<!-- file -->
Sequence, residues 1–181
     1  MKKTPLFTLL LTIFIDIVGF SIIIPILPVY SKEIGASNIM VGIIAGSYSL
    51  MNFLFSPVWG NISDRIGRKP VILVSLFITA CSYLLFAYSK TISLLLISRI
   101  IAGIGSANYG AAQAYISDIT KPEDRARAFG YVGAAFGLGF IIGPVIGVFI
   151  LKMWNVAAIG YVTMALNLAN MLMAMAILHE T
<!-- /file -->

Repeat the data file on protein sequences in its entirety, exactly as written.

Sequence, residues 1–181
     1  MKKTPLFTLL LTIFIDIVGF SIIIPILPVY SKEIGASNIM VGIIAGSYSL
    51  MNFLFSPVWG NISDRIGRKP VILVSLFITA CSYLLFAYSK TISLLLISRI
   101  IAGIGSANYG AAQAYISDIT KPEDRARAFG YVGAAFGLGF IIGPVIGVFI
   151  LKMWNVAAIG YVTMALNLAN MLMAMAILHE T